Moving northwest from Dawu (Daofu), the next town you come to is a dusty, unremarkable one called Luhuo. I stayed here for a night, but quickly regretted it as I couldn’t find any decent economy lodging and even the local gompa (Tibetan monastery) wasn’t very exciting.
SO ON TO GANZE! (aka Gartze, Gantze, Ganzi, and a few other spellings)
Despite being yet another dusty town, Ganze has a certain charm to it. It’s a major town for trade and Chinese trucks can be seen (and inhaled) barreling down the main street. Ganze is also about a full day’s bus trip from Kangding so if you’re on a long haul bus to Yushu or Dege or any other town north of here, you’re going to have to overnight. I would highly recommend staying in the affordable, but quite nice hotel above the bus station.
I settled into Ganze for a few days for a few reasons. First, I just liked the atmosphere. Second, there were plenty of interesting things to investigate in and around the town. And third, it’s a great place to base yourself when exploring the more remote towns of Dege, Baiyu and Xinlong.
Like many Tibetan towns, Ganze is set in a grassy valley near a river and is surrounded by beautiful mountains. A short walk out of the town in any direction and you’ll find fields of barley, rolling green mountains topped with chortens, and small monasteries.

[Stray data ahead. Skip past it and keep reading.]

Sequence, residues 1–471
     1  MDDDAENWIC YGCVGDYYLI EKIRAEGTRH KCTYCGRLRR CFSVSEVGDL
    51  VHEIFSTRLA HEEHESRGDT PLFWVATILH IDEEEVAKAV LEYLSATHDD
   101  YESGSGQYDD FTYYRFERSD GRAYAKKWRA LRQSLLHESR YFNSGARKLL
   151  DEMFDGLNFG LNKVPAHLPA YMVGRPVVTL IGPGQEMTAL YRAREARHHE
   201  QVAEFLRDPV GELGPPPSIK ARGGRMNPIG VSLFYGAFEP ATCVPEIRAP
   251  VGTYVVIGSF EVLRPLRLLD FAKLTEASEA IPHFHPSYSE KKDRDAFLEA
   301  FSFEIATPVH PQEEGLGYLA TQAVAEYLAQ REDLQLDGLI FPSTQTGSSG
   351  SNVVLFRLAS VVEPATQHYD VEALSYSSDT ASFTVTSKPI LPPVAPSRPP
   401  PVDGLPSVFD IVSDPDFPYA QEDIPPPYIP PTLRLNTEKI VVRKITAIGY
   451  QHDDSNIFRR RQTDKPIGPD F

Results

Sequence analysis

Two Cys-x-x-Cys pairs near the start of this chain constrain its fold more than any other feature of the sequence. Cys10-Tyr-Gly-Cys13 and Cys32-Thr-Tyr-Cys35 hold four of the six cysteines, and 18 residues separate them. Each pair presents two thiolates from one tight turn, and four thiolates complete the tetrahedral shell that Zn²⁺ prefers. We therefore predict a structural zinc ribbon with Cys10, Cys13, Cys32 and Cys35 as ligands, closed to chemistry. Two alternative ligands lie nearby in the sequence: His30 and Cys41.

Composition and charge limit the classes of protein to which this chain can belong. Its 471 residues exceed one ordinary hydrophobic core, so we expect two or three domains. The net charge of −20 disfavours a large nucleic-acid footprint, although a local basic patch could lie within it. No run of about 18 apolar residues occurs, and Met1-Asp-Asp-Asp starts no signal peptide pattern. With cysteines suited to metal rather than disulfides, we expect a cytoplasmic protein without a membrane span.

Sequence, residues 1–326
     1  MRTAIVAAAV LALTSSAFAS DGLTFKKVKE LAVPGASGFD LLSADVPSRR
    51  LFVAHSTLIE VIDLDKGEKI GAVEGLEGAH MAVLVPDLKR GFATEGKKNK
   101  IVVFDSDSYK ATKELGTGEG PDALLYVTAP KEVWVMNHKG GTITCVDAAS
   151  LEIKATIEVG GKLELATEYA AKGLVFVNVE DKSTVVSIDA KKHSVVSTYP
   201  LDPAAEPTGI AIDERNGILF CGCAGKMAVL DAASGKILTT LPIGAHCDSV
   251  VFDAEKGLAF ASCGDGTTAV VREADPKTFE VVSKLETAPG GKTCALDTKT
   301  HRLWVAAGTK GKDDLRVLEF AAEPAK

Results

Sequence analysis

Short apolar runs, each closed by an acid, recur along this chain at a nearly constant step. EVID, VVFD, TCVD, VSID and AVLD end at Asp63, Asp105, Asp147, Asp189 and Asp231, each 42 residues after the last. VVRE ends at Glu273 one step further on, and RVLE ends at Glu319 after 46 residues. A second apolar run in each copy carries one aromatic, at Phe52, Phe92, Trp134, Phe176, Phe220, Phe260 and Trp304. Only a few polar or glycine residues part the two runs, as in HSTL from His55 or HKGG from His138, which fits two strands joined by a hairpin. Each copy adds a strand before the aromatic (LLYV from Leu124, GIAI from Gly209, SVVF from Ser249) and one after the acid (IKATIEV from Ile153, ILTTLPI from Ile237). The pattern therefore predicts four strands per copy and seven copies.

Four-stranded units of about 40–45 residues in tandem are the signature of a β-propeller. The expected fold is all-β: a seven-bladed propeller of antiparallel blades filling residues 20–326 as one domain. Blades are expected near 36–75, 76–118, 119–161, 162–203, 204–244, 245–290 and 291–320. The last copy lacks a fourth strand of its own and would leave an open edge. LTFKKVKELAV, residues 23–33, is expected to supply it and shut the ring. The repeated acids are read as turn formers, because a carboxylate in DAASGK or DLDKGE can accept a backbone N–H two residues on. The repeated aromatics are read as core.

The main monastery is located to the northeast of town and is full of friendly monks. One day as I was strolling through, a monk noticed a tattoo on my arm and proceeded to show me his tattoos… all of his friends’… and pretty much anyone’s in the area. It turned into a fun afternoon of tea, crackers and attempts at communication.
On the southern end of town is a big chorten with nice views of the valley to the south and west. Natural hot springs can also be found in town down a small path near a hotel/restaurant called “The Black Horse” (I think). They’re not the most beautiful hot springs in the world but they do offer a hot bath when many of the local hotels do not.
To the west of town, to the west of the bus station and over a foot bridge are some beautiful farms and fields. I spent a quiet afternoon strolling around this area and found it reminiscent of Amish farms in my native Pennsylvania.
The center of town can get a bit busy and dusty, but I found that many of the locals we friendly and helpful. Being a trading town, many interesting things can be found in the stores and markets. This is a good town to stock up on supplies if you’re headed deeper into Tibet or have been on the road for a while. I also found some good Tibetan souvenirs that I hadn’t seen before.